Bike Please Don’t Fail Me Now

Several pre-ride bike inspection methods are available on the Internet. The League of American Bicyclists has the “ABC  Quick Check” on  its   website at content/smart-cycling-tips-0. The Boulder Cycling Club does an abbreviated version of  the “ABC Quick Check” before each ride.

Years  ago,  while on a bike tour, Peggy and I were taught a pre-ride bike inspection that I particularly like (see below). It’s similar to the “ABC Quick Check” but  includes a  few more steps. I suggest that everyone learn a pre-ride bike inspection and perform the inspection during the 15 minute waiting period before each ride.  The  inspection  only  takes a couple of minutes and may uncover an unsafe bike condition. However, these pre-ride bike inspections are not meant to replace more thorough periodic inspections of  your bike or bike shop inspections.

Bill and  Peggy’s 10 Step Pre-Ride Bike Inspection

1. Stand facing your bike with the front wheel between your legs and try to twist and rotate the handle- bars. There should be no movement in the handlebars.
2. Stand alongside the bike and apply the front brake. Rock the bike forward and backward feeling for movement in the headset. Tighten the headset before cycling if there
is excessive movement. Tighten the headset before the next ride if there is slight movement.
3. Lift the front of the bike and spin the front wheel, making sure it turns freely. While the wheel is turning, apply the brake, checking that the brake pad hits the rim properly and the brake handle has proper tension. Repeat for the rear brake.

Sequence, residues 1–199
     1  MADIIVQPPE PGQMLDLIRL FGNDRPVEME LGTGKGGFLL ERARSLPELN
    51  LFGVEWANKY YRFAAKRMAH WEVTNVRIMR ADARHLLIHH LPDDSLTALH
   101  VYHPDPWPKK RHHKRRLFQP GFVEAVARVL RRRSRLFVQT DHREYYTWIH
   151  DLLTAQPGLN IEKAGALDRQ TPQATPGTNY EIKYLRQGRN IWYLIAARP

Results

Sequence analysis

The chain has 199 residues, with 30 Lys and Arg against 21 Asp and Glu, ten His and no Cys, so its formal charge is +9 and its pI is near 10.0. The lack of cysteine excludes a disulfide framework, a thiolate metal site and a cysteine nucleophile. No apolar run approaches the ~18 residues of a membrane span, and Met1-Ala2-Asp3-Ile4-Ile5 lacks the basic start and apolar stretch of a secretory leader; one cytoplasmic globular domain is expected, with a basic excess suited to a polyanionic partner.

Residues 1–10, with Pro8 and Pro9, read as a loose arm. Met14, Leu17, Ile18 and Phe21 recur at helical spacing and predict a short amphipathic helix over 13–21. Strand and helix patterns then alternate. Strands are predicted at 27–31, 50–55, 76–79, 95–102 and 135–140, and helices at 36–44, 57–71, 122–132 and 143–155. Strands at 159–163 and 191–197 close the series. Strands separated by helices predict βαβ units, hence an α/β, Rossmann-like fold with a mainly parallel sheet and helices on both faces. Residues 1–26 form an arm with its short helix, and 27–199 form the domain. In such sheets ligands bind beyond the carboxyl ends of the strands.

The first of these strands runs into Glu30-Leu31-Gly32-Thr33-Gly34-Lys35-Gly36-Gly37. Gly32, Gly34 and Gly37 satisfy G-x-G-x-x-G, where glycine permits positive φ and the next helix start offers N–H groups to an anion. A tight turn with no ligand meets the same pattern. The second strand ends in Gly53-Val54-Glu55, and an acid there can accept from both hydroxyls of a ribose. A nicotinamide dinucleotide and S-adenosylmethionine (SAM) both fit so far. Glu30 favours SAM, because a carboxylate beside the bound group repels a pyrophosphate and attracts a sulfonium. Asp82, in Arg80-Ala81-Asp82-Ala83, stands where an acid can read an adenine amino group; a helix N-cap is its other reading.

4. Check the quick-release levers on the front and back brakes, ensuring they are in the closed position.
5. Twist, push, and pull  the seat looking for any movement. Tighten before cycling if there is any movement.
6. Grab the crank arm and push and pull  it side-to-side. There should be no movement in the arms or bottom bracket.
7. Check the quick-release on the front and back wheels for proper tightness.
8. Visually check the bike for obvious problems such as tire damage, loose bolts, frayed cables, etc.
9. Lift the bike 1 foot off  the ground and drop it on both tires, thus ensuring nothing is loose or falls  off the bike. This  is my  favorite step. You may be surprised at what wig- gles or falls  off.
10. Take your bike for a quick spin before the ride, checking the derailleurs by going through all the gears.

Note that I  did not  list obvious items such as checking the tire air pressure, helmet for tightness, and shoe clips for proper release. These items are routine.
Pre-ride bike inspections are important  for  your  safety  and  the safety of other cyclists. I strongly encourage you to perform inspections before each ride and possibly again during the rest or lunch stop.  Next time we cycle together, let’s do the inspection together.